Farmers’ markets in the South-Central Region, just like those in the rest the country, are facing some serious challenges to their integrity. Proclaiming themselves “locally grown,” many new markets are popping up, populated by resellers alongside legitimate producers. In our Region, members have reported a supposed beekeeper who buys his “honey-like substance” from China and resells it in his own labeled bottles, and vendors selling “locally grown” pineapples and bananas at Texas markets. Here in Nacogdoches, one vendor actually touted machine-cut “baby” carrots as produce from her farm. Vendors at some markets complain that market managers turn a blind eye to these resellers, despite “locally grown” rules. But I am happy to report that our market is now dealing rather firmly with these transgressions.  I thought you might find our story interesting and possibly helpful too.

The Nacogdoches Farmers’ Market is located on city-owned property known to old-timers as the “hitch lot,” where rural visitors once “hitched” their horses while on business in town. Long ago, a farmers’ market existed here, but competition from grocery stores led to its demise. Many years later, a reseller began leasing the site from the city, and continued his business there alone until 2005 when stirrings began to build a real farmers’ market. For a few years, an uneasy truce developed, with the reseller at one end of the market and a few farmers and craftspeople at the other end. In 2007, the reseller died after a long illness, and the market became a full-fledged farmers’ market. By this time we had rules in place requiring that all products be locally produced, with “local” defined to include an area within 90 miles of Nacogdoches. Furthermore, anything not grown or produced by the farmer/craftsperson must be labeled with the producer’s name, location and phone number.

But setting rules is one thing—enforcing them can be quite another matter. Our market manager, Sarah, is a city employee who has many other responsibilities as “Main Street Manager” for Nacogdoches. This young woman also has no farming background, making farm inspections quite a challenge for her. Besides, confronting a much older vendor about rule violations could be rather daunting. So for a few years, some vendors ignored the rules, reselling products that the “real” farmers knew they had not grown. The farmers complained and the manager conducted a few farm inspections. But it was easy to fool a city girl. Land was plowed, crops growing—but were these the crops the vendor was selling at the market? Hard to tell.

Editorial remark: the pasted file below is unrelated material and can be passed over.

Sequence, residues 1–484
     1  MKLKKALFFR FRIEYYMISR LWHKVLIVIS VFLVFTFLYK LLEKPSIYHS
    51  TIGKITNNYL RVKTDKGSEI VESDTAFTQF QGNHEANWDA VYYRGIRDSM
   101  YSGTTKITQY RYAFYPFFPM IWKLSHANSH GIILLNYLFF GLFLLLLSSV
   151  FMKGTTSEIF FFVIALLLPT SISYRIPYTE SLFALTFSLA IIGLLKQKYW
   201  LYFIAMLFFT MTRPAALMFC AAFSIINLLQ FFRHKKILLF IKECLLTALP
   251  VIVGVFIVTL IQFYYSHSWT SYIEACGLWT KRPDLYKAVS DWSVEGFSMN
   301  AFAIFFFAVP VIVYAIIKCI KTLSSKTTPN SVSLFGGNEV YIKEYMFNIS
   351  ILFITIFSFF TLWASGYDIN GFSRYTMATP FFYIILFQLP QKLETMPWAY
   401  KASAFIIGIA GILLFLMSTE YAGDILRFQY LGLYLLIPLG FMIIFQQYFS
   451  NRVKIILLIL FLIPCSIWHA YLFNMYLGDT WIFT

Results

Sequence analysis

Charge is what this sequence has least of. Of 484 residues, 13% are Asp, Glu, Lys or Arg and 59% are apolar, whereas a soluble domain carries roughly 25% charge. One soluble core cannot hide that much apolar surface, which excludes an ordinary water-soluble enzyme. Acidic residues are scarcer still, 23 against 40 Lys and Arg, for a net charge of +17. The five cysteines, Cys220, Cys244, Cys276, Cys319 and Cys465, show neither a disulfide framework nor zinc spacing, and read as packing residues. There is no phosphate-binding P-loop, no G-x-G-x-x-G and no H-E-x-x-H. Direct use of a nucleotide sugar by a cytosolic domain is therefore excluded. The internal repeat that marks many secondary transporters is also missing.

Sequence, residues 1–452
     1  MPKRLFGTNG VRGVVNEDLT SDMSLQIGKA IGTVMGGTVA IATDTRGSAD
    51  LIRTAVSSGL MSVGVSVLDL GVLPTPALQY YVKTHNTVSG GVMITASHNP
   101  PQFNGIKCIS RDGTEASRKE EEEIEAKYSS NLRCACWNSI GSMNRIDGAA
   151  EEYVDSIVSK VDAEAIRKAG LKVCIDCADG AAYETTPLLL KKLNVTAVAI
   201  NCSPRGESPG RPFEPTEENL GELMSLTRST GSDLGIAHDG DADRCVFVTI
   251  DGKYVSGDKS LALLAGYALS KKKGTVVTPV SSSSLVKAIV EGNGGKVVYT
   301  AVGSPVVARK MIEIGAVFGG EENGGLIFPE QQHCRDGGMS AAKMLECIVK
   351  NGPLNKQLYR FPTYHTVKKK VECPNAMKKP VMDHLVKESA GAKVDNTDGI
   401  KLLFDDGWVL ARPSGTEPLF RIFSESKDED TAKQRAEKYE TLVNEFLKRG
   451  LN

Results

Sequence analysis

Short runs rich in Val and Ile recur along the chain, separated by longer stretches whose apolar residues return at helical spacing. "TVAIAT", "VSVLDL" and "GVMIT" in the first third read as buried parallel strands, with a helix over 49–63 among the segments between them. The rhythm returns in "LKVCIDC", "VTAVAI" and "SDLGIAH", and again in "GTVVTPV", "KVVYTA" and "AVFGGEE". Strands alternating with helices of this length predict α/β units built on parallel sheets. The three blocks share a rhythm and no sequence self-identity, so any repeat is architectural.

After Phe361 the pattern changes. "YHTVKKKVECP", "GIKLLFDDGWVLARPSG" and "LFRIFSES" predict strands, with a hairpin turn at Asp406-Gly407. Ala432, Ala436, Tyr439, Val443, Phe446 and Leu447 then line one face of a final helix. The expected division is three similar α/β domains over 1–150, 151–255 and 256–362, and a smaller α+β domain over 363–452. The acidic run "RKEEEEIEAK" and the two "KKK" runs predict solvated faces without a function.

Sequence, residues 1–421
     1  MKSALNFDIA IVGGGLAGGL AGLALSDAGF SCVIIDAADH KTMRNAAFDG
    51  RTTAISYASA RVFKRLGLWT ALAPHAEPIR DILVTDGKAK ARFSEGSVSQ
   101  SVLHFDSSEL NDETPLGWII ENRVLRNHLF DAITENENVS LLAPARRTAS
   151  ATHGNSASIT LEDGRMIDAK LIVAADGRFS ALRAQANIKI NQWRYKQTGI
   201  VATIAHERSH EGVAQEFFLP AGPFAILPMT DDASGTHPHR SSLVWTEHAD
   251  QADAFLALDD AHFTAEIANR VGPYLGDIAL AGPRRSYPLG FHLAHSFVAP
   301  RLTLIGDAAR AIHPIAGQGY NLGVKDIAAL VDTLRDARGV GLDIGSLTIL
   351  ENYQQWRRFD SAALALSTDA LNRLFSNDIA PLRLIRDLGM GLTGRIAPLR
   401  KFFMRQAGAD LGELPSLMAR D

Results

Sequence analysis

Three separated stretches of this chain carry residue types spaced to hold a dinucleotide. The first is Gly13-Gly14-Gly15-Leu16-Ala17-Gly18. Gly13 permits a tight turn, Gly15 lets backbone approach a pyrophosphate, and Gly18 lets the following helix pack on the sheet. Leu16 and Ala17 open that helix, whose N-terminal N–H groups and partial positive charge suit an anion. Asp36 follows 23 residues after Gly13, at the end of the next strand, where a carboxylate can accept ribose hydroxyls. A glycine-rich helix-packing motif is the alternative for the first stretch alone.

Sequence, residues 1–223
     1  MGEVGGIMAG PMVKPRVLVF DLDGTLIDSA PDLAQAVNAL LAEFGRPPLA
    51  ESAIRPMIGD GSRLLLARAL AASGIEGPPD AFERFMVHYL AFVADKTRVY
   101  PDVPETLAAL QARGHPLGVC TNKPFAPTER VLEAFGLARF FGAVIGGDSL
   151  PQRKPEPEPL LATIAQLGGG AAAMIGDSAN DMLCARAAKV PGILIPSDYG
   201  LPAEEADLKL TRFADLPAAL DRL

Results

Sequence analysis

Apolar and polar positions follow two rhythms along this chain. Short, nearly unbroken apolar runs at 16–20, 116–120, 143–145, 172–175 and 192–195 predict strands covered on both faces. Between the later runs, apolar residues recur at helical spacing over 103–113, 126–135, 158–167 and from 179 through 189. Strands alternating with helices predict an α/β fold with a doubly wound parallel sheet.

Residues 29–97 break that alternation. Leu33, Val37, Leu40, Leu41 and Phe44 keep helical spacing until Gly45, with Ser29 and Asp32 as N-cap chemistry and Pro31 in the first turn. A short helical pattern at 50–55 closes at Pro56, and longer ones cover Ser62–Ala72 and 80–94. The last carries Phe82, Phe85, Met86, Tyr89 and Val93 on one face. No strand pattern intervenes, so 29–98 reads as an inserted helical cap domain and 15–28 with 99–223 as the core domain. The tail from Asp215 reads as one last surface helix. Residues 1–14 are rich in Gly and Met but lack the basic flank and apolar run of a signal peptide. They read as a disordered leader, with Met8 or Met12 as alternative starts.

Last year, things began to change. Sarah had had enough and got tough. The city decided on a “three-strikes-and-you’re-out” policy. At the first offense, you get a verbal warning. Next offense, you get a written citation. Third offense, you are out for good. Some vendors got that third strike and were asked to leave the market. In addition, every farm is now being inspected, and the County Extension agent has agreed to help with these inspections. Upon hearing that inspections would be required, some vendors decided to leave the market immediately—hmm.

We vendors were happy with this progress, but some of us felt that the vendors needed a more official role in the market’s operation. We asked the city to establish a farmers’ market advisory board comprised of vendors. The city agreed and, by the time you read this, our new 5-member board will have held its first meeting. As currently envisioned, the board’s functions will include rule review, event planning, vendor review, enforcement of “locally grown,” vendor recruitment and retention, and market expansion and renovations. One big area of concern is exceptions to the “locally grown” policy. The city has approved sales of a few Texas products grown farther than 90 miles from Nacogdoches: cheese from the Texas Hill Country and citrus from the Texas Valley area, for example. Sarah has approved items which she believes truly add value to the market, but she welcomes the board’s help in making such decisions.

Sarah believes that our market is on the “right path.” I agree. It is a small but thriving market, with typically 15 to 25 vendors selling a wide variety of produce, free-range eggs, baked goods, artwork, craft items, plants, and, of course, flowers. We have weekly musical entertainment and a food caterer, and our well-attended Spring Fling and Fall Harvest Festivals feature special family activities, such as children’s yoga, face painting and art projects. The Nacogdoches Farmers’ Market has become a true community gathering place and we hope to keep it that way. Maybe the City’s tougher rule enforcement and our new advisory board will help. I’ll keep you posted. 

Josie Crowson

Josie's Fresh Flowers

Contact at [email protected]